A bishop’s plea for South Kordofan

Rev. Andudu Adam Elnail, bishop of the Kadugli Diocese in South Kordofan. Photo by: United to End Genocide / CC BY-NC-ND

The bishop of the Diocese of Kadugli in South Kordofan is urging the international community to find ways to provide much-needed humanitarian assistance to the people in the conflict-torn Sudanese state, even if it is in the form of “indirect aid.”

In an interview with Devex, Rev. Andudu Adam Elnail said the Sudanese government has continued to block humanitarian assistance to South Kordofan. This comes even after signing a memorandum of understanding with a tripartite team comprising the African Union, League of Arab States and the United Nations in August.

Among the various forms of indirect aid the international community can give, according to Elnail, is for organizations to provide financial support and supplies discretely, or via local churches and indigenous groups.

A recently released report from international advocacy group Enough Project confirms the “unfolding humanitarian disaster” in South Kordofan. The report notes malnutrition levels in the state are already at critical level — the most severe classification according to World Health Organization.

The report, published Oct. 18, is the first third-party, on-the-ground assessment of the food crisis in South Kordofan since the humanitarian aid ban in 2011. The assessment was done by an international nongovernmental organization that wishes to remain anonymous, with results given to Enough Project for analysis.

In addition to alarming malnutrition levels, the report published data stating 81.5 percent of households have only one meal per day. It also says that only one-third of arable land is being cultivated. Because of attacks — whether by the government of rebel forces — farmers are afraid to work on their land. As a result, 73.2 percent of households have no income at all.

“We have over 11,000 unschooled children,” Elnail said. “We are urging the international community to help these children go to school. We need food and medicine because we’re losing three children a day. People try to cultivate and do farming but they are bombed.”

In an official statement, the tripartite team said it submitted a needs assessment and aid distribution plan to the Sudanese government on Oct. 8. The plan is supposed to be implemented after the government has given its feedback. But reports of violence in Kadugli, including an attack on a UNICEF compound, on the same day the aid plan was submitted may have hurt chances of implementation.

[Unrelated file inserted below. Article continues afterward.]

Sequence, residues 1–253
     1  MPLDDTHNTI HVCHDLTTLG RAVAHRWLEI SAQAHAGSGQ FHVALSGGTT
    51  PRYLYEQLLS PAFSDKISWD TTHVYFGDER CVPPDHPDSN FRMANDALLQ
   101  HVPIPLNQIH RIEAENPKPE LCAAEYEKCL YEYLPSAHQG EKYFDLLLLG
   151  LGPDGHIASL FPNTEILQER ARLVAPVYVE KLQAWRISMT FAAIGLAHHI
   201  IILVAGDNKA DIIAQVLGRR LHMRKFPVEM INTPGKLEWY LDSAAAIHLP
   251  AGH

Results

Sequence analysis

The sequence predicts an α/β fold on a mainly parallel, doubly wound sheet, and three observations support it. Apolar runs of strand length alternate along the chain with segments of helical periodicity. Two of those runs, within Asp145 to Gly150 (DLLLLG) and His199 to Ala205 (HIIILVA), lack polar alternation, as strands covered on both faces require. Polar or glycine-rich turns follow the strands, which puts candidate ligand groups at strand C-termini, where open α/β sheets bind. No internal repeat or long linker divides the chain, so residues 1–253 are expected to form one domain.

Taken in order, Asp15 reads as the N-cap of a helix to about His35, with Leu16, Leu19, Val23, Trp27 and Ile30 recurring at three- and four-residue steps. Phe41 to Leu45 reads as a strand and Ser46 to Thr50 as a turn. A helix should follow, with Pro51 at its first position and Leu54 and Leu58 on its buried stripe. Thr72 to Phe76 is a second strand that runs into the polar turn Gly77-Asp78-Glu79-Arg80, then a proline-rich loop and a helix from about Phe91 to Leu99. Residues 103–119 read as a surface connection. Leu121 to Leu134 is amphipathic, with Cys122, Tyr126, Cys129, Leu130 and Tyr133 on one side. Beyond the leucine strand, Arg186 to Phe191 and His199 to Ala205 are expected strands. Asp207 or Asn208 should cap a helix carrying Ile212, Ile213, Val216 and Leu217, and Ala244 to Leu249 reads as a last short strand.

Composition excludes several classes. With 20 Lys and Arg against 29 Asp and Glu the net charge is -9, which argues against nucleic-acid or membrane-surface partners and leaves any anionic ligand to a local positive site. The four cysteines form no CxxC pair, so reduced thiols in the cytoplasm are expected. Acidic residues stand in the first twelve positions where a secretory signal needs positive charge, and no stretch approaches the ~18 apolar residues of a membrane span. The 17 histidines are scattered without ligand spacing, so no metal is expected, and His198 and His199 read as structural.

Despite ongoing violence, limited supplies, and difficult communication and transportation, the reverend’s ministry has been able to send much-needed assistance to many parts of the country with help from its parishioners and priests. A new liaisons office will opened in Juba, South Sudan, to better coordinate relief efforts mostly from faith-based organizations, although Elnail did not give specifics on the timeline.

“I don’t think there is any other big hindrance to humanitarian aid aside from the government conflict,” Elnail said. “Roads and communication difficulties can be overcome. The humanitarian agencies are very ready, they have food, they have money and they don’t need to wait because people are dying.”

Elnail also believes negotiation and agreement are the best solutions to the ongoing crisis in Sudan. He said the tripartite team should resume talks to lift the tension and root for a cease fire, and eventually create an environment conducive enough to allow aid to come into the country.

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About the author

  • Adrienne Valdez

    Adrienne Valdez is a former staff writer for Devex, covering breaking international development news. Before joining Devex, Adrienne worked as a news correspondent for a public-sector modernization publication.